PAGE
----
lexical feedback
Lexical Feedback
  • Feedback on lexical level:
    • Cursor movement
    • Keyboard echo
    • Selection highlighting

Adapted from slide by James Landay

syntactic feedback
Syntactic Feedback
  • Feedback on Syntactic level
    • help systems that indicate which words have help available while the user is typing
    • menus that gray-out operations that are not available given the current state
semantic feedback
Semantic Feedback
  • Feedback on Semantic Level
    • command understood
      • restate command
    • Command underway (intermediate FB)
      • count-down or progress bars
    • Command completed
      • prompt for next command
  • All three are not always necessary

Adapted from slide by James Landay

visibility of feedback
Visibility of Feedback
  • Placement
    • Where the eyes are
      • insertion point
      • screen cursor
  • Visibility instead of memory
    • why not display title of current song on CD players?
    • why not show name of tv show when channel is switched?

Adapted from slide by James Landay

audio feedback
Audio Feedback
  • On physical artifacts
    • click when bolt is secured
    • rattle of unsecured car door
    • sound of a well-working zipper
    • vaccuum cleaner increase in pitch as the bag fills
    • examples on computer systems?
  • What are the potential problems?
    • annoying
      • media lab videotape discussed “peripheral” or “ambient” interfaces
    • non-private
errors
Errors
  • Need to design for human capabilities and traits
    • Human speech is riddled with “errors”
  • Reduce Gulfs of Execution and Evaluation!
designing for error
Designing for Error

Norman on designing for error:

  • Understand the causes of error and design to minimize these causes
  • Make it possible to reverse actions
  • Make it hard to do non-reversable actions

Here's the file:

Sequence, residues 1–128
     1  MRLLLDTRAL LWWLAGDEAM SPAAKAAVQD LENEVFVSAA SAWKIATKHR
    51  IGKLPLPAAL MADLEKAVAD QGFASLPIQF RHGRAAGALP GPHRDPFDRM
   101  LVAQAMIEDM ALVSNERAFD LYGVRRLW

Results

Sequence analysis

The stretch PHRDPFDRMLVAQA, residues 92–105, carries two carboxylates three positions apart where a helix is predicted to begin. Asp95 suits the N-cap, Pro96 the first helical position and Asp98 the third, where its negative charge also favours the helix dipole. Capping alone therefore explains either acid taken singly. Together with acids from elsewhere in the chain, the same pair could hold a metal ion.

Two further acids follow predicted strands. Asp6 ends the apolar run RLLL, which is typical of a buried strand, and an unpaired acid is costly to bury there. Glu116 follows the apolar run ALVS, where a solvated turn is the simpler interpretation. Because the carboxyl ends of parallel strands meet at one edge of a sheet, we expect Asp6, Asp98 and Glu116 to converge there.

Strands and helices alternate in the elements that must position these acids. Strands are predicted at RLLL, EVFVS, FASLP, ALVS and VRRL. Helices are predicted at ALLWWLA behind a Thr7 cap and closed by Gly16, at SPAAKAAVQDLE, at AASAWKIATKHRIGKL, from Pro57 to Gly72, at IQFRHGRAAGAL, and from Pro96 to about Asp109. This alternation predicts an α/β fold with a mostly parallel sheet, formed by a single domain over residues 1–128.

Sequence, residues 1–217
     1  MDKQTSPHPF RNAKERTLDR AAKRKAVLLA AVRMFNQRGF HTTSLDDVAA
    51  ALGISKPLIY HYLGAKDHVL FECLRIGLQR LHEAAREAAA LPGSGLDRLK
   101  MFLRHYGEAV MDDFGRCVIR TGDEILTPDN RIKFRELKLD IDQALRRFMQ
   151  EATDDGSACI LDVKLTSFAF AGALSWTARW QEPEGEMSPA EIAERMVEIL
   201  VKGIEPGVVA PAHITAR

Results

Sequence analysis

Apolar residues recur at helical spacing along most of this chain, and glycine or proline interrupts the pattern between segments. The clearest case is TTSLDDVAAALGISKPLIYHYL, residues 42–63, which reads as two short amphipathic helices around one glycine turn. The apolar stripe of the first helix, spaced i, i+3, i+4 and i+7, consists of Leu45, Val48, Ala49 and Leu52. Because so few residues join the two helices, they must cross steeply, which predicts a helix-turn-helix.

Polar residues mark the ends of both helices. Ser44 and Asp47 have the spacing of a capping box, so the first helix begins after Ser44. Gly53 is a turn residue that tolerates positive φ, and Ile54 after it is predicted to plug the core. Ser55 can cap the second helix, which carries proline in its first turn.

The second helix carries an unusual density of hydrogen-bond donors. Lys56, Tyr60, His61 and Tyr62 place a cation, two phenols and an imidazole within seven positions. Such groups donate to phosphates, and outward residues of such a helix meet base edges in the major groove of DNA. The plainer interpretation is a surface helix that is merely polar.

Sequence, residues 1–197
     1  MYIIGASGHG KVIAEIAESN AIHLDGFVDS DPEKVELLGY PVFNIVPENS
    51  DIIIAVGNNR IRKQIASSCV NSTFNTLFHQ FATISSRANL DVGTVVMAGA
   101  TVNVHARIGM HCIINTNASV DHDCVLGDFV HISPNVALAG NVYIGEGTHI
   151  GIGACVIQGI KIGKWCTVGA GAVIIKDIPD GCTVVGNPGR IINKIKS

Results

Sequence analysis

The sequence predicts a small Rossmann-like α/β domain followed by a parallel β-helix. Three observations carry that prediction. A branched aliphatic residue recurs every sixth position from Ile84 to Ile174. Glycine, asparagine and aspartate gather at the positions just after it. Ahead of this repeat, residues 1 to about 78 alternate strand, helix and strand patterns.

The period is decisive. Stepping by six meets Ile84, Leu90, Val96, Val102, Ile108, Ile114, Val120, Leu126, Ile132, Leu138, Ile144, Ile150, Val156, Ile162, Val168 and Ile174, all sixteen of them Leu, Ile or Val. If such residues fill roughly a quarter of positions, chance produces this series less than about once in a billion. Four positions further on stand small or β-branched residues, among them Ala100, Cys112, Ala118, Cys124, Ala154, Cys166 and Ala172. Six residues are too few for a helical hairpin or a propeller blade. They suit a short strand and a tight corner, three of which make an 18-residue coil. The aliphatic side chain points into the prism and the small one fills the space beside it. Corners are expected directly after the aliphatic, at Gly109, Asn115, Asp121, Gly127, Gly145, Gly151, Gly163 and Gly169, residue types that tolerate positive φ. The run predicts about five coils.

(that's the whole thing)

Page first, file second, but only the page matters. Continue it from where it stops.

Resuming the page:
• Make it easy to discover the errors that do occur
  • Change attitute towards errors:
    • A user is attempting to do a task, getting there by imperfectapproximations; actions are approximations to what is actually desired.
error types
Error Types
  • Forgetting
    • lock keys in car, don’t save file
  • Modes
    • car in drive vs. reverse
    • digital watch in stopwatch mode rather than normal display mode
  • Association
    • looking at room number, dial that instead of phone number
error types1
Error Types
  • Capture errors
    • (commonly done action captures the current intentions)
    • Sunday, driving to store, end up at work
    • Counting papers, from 1 … 9, 10, jack, queen, king
  • Discrimination
    • hang up phone on wrong receiver
    • read 0 instead of O
reducing errors
Reducing Errors
  • Design in constraints
    • Can’t activate toaster unless it is plugged in
    • Can’t exit program without saving files
    • Grey out inappropriate commands
      • Flexibility vs. Robustness tradeoff
  • Reminding devices
    • place keys on papers, book by door
error correction
Error Correction
  • Lexical
    • typing mistakes (automatic in MS Word)
  • Syntactic
    • re-specify just the parameter in error, or
    • restart at beginning of command
  • Semantic
    • abort operation underway
    • undo previous command(s)

Adapted from slide by James Landay

error correction1
Error Correction
  • Things not to do
    • Accusatory error messages
    • Lots of simultaneous conflicting warning messages
    • Rely on a statement somewhere in the manual of what is correct and incorrect
why are guidelines insufficient
Why are Guidelines Insufficient?
  • Too specific and/or too general
    • may be huge!
  • Standard does not address all issues
    • Mac standard UI could be all dialog boxes and menus

Adapted from slide by James Landay

summary
Summary
  • UIs are hard to design
  • Guidelines can give us general principles to follow
  • Guidelines fail in that they can be hard to apply
    • too specific or too general
      • especially true for style guides

Adapted from slide by James Landay